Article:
Deans' stroke musings

Changing stroke rehab and research worldwide now.Time is Brain!Just think of all the trillions and trillions of neurons that DIE each day because there are NO effective hyperacute therapies besides tPA(only 12% effective). I have 493 posts on hyperacute therapy, enough for researchers to spend decades proving them out. These are my personal ideas and blog on stroke rehabilitation and stroke research. Do not attempt any of these without checking with your medical provider. Unless you join me in agitating, when you need these therapies they won't be there.

What this blog is for:

Shortly after getting out of the hospital and getting NO information on the process or protocols of stroke rehabilitation and recovery I started searching on the internet and found that no other survivor received useful information. This is an attempt to cover all stroke rehabilitation information that should be readily available to survivors so they can talk with informed knowledge to their medical staff. It's quite disgusting that this information is not available from every stroke association and doctors group.
My back ground story is here:http://oc1dean.blogspot.com/2010/11/my-background-story_8.html

Saturday, February 18, 2017

Association of Collateral Blood Vessels Detected by Arterial Spin Labeling Magnetic Resonance Imaging With Neurological Outcome After Ischemic Stroke

So fucking what? This doesn't help your recovery on bit. God, the stupidity out there.
http://jamanetwork.com/journals/jamaneurology/article-abstract/2601227
JAMA Neurol. Published online February 13, 2017. doi:10.1001/jamaneurol.2016.4491
Key Points
Question  Are intracranial collateral blood vessels, identified using arterial spin labeling magnetic resonance imaging of the brain, associated with neurologic outcome after acute ischemic stroke?
Findings  In a cohort study of 38 patients with acute ischemic stroke, collaterals on arterial spin labeling were associated with better neurologic outcome at hospital discharge, both in unadjusted and adjusted analyses.
Meaning  This novel association between arterial spin labeling MRI collaterals and improved neurologic outcome may help guide prognosis and management, particularly in patients who are unable to undergo contrast-based radiological studies.
Abstract
Importance  Robust collateral blood vessels have been associated with better neurologic outcome following acute ischemic stroke (AIS). The most commonly used methods for identifying collaterals are contrast-based angiographic imaging techniques, which are not possible in all patients after AIS.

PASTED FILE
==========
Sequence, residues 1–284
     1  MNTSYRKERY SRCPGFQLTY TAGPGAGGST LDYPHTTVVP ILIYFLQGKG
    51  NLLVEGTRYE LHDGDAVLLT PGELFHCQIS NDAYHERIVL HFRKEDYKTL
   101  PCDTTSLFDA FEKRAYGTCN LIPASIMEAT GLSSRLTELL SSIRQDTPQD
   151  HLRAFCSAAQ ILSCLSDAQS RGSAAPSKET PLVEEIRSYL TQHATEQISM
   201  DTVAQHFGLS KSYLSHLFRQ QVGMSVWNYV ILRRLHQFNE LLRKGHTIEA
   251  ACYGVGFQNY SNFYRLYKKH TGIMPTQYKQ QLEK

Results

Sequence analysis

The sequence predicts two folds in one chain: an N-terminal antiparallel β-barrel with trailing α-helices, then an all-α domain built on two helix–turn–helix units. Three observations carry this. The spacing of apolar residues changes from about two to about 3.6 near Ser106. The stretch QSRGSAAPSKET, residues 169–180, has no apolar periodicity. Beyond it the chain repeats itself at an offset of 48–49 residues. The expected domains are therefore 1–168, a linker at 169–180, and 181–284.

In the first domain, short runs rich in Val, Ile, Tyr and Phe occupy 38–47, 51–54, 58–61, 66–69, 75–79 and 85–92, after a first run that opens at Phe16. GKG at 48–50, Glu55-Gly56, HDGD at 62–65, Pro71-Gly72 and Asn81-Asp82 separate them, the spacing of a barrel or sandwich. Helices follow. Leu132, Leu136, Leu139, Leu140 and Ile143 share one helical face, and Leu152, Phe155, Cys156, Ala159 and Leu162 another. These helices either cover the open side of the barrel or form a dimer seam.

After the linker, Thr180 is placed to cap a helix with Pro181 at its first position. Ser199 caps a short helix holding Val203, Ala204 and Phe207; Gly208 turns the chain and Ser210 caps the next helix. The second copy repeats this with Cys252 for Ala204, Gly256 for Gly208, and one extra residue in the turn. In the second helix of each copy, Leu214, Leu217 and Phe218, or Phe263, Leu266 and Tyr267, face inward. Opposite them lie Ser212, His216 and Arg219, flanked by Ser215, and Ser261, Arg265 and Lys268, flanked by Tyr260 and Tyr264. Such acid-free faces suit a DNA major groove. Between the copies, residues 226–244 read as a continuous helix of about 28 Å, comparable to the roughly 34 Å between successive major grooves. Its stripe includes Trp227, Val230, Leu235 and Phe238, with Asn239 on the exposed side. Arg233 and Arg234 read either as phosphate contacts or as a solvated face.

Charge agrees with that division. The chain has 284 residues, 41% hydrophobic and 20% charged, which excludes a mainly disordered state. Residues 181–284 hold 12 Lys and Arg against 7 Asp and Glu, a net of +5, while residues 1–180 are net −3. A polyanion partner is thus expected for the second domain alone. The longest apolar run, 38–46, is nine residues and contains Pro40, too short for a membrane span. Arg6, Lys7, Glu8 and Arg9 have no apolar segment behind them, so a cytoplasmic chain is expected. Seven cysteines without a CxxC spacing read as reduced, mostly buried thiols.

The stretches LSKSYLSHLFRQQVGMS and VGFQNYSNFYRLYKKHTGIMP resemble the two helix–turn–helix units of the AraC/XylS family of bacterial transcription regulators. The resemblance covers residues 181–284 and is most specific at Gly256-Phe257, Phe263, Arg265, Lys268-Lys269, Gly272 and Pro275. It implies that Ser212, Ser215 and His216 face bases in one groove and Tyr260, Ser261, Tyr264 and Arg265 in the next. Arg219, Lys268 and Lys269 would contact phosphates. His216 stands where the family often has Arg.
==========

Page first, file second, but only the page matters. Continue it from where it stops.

Objective  To assess the association between the presence of collateral vessels identified using arterial spin labeling (ASL) magnetic resonance imaging, a technique that does not require exogenous administration of contrast, and neurologic outcome in patients after AIS.
Design, Setting, and Participants  This retrospective cohort study examined 38 patients after AIS admitted to a tertiary academic medical center between 2012 and 2014 who underwent MRI with ASL.
Main Outcomes and Measures  According to a prespecified hypothesis, ASL images were graded for the presence of collaterals by 2 neuroradiologists. Modified Rankin Scale (mRS) scores at discharge and other composite data were abstracted from the medical record by a neurologist blinded to radiologic data.
Results  Of the 38 patients, 19 (50.0%) were male, and the mean (SD) age was 61 (20) years. In 25 of 38 patients (65.8%), collaterals were detected using ASL, which were significantly associated with both a good outcome (mRS score of 0-2 at discharge; P = .02) and a 1-point decrease in mRS score at discharge (odds ratio, 6.4; 95% CI, 1.7-23.4; P  = .005). In a multivariable ordinal logistic regression model, controlling for admission National Institutes of Health Stroke Scale score, history of atrial fibrillation, premorbid mRS score, and stroke parent artery status, there was a strong association between the presence of ASL collaterals and a 1-point decrease in the mRS score at discharge (odds ratio, 5.1; 95% CI, 1.2-22.1; P = .03).
Conclusions and Relevance  Following AIS, the presence of ASL collaterals is strongly associated with better neurological outcome at hospital discharge. This novel association between ASL collaterals and improved neurologic outcome may help guide prognosis and management, particularly in patients who are unable to undergo contrast-based radiological studies.

No comments:

Post a Comment